November 30th, 1936 – The Crystal Palace in Flames

Today-In-History

The magnificent Crystal Palace in London, England was destroyed by fire on November 30th, 1936.

Crystal_Palace_fire_1936

The Crystal Palace was a cast-iron and plate-glass structure erected in Hyde Park, London, England, to house the Great Exhibition of 1851. More than 14,000 exhibitors from around the world gathered in its 990,000 square feet (92,000 m2) of exhibition space to display examples of the technology developed during the Industrial Revolution. Designed by Sir Joseph Paxton, the Great Exhibition building was 1,851 feet (564 m) long, with an interior height of 128 feet (39 m). The invention of the cast plate glass method in 1848 made possible the production of large sheets of cheap but strong glass, and its use in the Crystal Palace created a structure with the greatest area of glass ever seen in a building and astonished visitors with its clear walls and ceilings that did not require interior lights.

Crystal Palace Front PageThe Palace had suffered many mishaps since its opening, but it was on November 30th, 1936 that it was hit with its the final catastrophe – fire. Within hours the Palace was destroyed: the glow was visible across eight counties. That night, Buckland was walking his dog near the palace, with his daughter (Crystal Buckland, named after the palace) when they noticed a red glow within. Inside, he found two of his employees fighting a small office fire, that had started after an explosion in the women’s cloakroom. Realizing that it was a serious fire, they called the Penge fire brigade. But, even though 89 fire engines and over 400 firemen arrived they were unable to extinguish it. (The fire spread quickly in the high winds that night, because it could consume the dry old timber flooring, and the huge quantity of flammable materials in the building.) Buckland said, “In a few hours we have seen the end of the Crystal Palace. Yet it will live in the memories not only of Englishmen, but the whole world”. 100,000 people came to Sydenham Hill to watch the blaze, among them Winston Churchill, who said, “This is the end of an age”.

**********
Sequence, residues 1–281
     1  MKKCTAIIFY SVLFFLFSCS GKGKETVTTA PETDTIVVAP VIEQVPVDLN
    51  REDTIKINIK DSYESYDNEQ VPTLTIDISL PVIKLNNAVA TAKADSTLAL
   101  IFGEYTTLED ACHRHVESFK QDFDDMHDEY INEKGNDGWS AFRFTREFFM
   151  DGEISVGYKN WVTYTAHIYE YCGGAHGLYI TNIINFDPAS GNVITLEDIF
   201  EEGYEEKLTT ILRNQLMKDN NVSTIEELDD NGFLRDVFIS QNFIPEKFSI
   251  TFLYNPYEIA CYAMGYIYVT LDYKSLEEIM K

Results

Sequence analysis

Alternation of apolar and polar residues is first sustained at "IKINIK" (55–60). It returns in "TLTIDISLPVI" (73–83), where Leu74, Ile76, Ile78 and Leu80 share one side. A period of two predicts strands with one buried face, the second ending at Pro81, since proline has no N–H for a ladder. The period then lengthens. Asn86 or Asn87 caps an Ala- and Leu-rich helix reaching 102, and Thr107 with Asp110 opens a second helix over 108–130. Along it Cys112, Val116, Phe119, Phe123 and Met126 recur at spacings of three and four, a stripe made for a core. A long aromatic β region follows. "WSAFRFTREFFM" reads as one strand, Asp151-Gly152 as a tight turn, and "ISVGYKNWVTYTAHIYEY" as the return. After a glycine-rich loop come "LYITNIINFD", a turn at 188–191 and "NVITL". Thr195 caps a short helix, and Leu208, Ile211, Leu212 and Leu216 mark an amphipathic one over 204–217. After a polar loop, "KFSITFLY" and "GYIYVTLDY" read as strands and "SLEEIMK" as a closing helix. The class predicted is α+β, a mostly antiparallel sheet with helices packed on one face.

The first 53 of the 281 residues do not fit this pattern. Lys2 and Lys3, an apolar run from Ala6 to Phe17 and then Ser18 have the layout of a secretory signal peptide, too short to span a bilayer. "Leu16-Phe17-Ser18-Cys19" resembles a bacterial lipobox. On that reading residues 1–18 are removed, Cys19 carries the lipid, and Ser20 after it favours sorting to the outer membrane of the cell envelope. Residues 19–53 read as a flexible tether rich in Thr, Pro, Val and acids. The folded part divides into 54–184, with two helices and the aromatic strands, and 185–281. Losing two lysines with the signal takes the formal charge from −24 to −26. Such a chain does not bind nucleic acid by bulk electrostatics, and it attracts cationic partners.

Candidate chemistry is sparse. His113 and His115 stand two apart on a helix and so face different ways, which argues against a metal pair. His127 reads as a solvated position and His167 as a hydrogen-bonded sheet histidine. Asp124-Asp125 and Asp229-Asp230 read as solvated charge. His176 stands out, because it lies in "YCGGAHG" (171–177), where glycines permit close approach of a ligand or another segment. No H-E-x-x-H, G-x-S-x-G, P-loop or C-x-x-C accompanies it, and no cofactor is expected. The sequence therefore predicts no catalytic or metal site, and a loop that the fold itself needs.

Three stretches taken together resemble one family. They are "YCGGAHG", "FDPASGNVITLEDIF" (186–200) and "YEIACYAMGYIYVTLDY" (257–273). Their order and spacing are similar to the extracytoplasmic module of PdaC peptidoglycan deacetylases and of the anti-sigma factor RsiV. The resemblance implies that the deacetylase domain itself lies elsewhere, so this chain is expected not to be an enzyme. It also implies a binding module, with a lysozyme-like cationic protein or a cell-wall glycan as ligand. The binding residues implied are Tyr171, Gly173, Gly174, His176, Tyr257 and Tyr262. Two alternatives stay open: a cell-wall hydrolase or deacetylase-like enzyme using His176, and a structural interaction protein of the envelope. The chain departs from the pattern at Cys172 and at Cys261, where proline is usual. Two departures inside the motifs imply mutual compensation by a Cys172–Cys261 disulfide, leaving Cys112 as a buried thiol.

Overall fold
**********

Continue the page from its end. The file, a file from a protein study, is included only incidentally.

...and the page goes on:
Just as in 1866, when the north transept burnt down, the building was not adequately insured to cover the cost of rebuilding (at least two million pounds).

The South Tower had been used for tests by television pioneer John Logie Baird for his mechanical television experiments, and much of his work was destroyed in the fire.

The last singer to perform there before the fire was the Australian ballad contralto Essie Ackland.

“Today in History” on The Pandora Society dot com is primarily focused on Victorian and Edwardian history and does not always have a direct connection to Steampunk, Dieselpunk, or whatever punk; in fact it rarely does, but it is our hope that in sharing these historical events they might serve as some inspiration to the writers in our community to create potential alternative history stories which we look forward to reading 🙂


 

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